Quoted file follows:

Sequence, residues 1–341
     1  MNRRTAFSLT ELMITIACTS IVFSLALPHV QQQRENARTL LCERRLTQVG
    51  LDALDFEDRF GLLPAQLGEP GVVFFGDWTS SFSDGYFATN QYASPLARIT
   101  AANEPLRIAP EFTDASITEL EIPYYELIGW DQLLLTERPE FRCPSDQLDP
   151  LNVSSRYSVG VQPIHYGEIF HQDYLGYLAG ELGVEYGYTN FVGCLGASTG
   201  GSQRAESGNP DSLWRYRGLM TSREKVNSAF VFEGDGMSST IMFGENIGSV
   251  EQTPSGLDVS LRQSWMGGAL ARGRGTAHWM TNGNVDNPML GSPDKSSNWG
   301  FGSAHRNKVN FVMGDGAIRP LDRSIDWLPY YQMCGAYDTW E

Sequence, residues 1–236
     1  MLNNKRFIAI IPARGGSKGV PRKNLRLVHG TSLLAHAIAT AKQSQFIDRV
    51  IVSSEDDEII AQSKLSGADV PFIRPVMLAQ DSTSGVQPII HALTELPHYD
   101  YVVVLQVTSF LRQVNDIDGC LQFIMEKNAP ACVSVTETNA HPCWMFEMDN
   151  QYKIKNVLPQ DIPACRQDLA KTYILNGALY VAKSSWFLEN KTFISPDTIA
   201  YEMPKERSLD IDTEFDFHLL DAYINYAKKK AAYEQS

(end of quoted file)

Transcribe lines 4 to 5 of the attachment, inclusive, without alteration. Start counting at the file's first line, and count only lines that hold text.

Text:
   101  AANEPLRIAP EFTDASITEL EIPYYELIGW DQLLLTERPE FRCPSDQLDP
   151  LNVSSRYSVG VQPIHYGEIF HQDYLGYLAG ELGVEYGYTN FVGCLGASTG